A nightmare came true for television news personnel and viewers Thursday when a man shot himself to death on a freeway overpass--an event broadcast live by several local TV stations and a national cable news network into thousands of homes.
Station sources said that at least KNBC-TV Channel 4 and KTLA-TV Channel 5 had reasonably tight shots as the gunman pulled the trigger. One news executive referred to the image as "horrifying," with a stream of blood pouring from the victim's head.
KCBS-TV Channel 2, KCAL-TV Channel 9 and KTTV-TV Channel 11 were also broadcasting live when the shooting took place.
Channels 5 and 11 had switched from children's programming to cover the incident, which began to unfold about 3:25 p.m.
KTLA stayed on the situation live longer than any of the other local newscasts in its aftermath.
"The last thing we wanted to do was go back into cartoons, as [Channels] 9 and 11 did," KTLA news director Jeff Wald said. "It was just too sharp a turn to make. And this affected tens of thousands of people who were on the freeways during rush hour."
Wald added that his staff was trying to get KTLA's helicopter cameraman to cut away when the shooting took place.
"As we saw him take the gun out of the back [of his truck], we thought, 'We gotta get off of this. Let's cut back to the truck burning.' But it happened so quickly [that] the communication to our helicopter didn't happen in time," Wald said.
NBC-owned Channel 4 ran apologies throughout the afternoon, issuing a statement that said, "We did not anticipate this man's actions in time to cut away, and we deeply regret that any of our viewers saw this tragedy on our air."
In addition, the network's national cable news channel, MSNBC, carried live coverage as well, with viewers catching a glimpse of the shooting before the director could shift away.
A spokeswoman for the low-rated network called the fact that viewers saw the shooting "extremely unfortunate" and said that the channel is "in the process of examining our editorial safeguards to ensure that we do not expose our viewers to this kind of incident again."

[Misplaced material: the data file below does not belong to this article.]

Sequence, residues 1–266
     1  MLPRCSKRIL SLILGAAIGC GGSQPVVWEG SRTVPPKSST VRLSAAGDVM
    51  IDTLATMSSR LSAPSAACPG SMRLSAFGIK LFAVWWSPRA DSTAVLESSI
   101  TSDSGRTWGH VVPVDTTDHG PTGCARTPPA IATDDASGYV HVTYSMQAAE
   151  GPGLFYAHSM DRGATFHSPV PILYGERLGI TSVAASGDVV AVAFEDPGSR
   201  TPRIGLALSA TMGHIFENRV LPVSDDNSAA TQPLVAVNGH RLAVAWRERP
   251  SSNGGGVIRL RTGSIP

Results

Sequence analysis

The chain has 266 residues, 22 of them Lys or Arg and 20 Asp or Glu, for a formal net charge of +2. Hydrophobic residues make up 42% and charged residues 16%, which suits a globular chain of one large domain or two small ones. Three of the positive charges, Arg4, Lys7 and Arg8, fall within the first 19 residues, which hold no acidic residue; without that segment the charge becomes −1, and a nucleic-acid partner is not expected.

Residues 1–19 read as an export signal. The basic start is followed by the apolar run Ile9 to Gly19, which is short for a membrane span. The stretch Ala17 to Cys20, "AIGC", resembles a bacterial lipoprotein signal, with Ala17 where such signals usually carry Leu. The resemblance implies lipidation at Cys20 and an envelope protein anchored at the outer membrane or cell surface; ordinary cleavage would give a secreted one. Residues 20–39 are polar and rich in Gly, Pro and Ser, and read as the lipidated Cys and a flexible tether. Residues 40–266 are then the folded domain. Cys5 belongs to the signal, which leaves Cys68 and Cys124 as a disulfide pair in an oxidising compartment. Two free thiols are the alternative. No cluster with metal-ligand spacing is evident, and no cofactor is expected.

Both Channels 4 and 11 gave out phone numbers that viewers could call for counseling. CBS-owned Channel 2 brought a psychologist into the studio, also holding a live discussion regarding such media coverage on its 6:30 p.m. newscast.
Appearing on Channel 2, former KTLA news director Warren Cereghino defended Thursday's telecasts, saying, "When you have two major freeways virtually shut down at rush hour, that's news."
Channel 2 had its helicopter pilot go to a wide shot before the shooting because of the man's erratic behavior.
"We pulled back when he walked over to the overpass ledge, fearing he was going to jump," said news director Larry Perret. "You could see where this thing was going."
Stations said they would refrain from showing the actual shooting again, though they did run videotape of the man getting out of the truck with his clothes on fire before taking his own life.
KABC-TV Channel 7 was "fortunate" to miss the killing, as the station held off switching to live coverage in order to evaluate the situation, said news director Cheryl Fair. The station cut into its programming to notify viewers about possible traffic problems but had returned to "The Oprah Winfrey Show" and was still monitoring events off-screen when the shooting took place.
"We knew the situation was unstable," Fair said, adding that because of the impact on rush-hour traffic the incident was "certainly deserving of special-report status. Thousands of people are affected by that."
KCOP-TV Channel 13 was apparently the only major English-language station in the area that did not interrupt regular programming. At least one Spanish-language station, KVEA Channel 52, covered the shooting.
Despite running disclaimers warning parents about the news special report, both Channels 9 and 11 received what the latter's spokeswoman called "a slew of viewer calls."
"We didn't like them seeing what they saw any more than they did," said a spokeswoman for Channel 11, which apologized to viewers on its 10 p.m. newscast.
A receptionist at Channel 9 estimated that the station received at least 120 calls during the incident, with most asking the station to cut away.
The tendency toward live coverage of breaking stories has resulted in several dangerous experiences being shown, including a recent freeway chase in which a man was thrown from his moving car.
Few incidents, however, have resulted in someone being killed live on air. In 1987, Pennsylvania Treasurer R. Budd Dwyer committed suicide at a news conference that was covered by several local stations.
"This is the danger of live television," Channel 2's Perret said. "You've got to be on your toes, and you have to be ready to pull back immediately."
Times staff writer Paul Brownfield contributed to this story.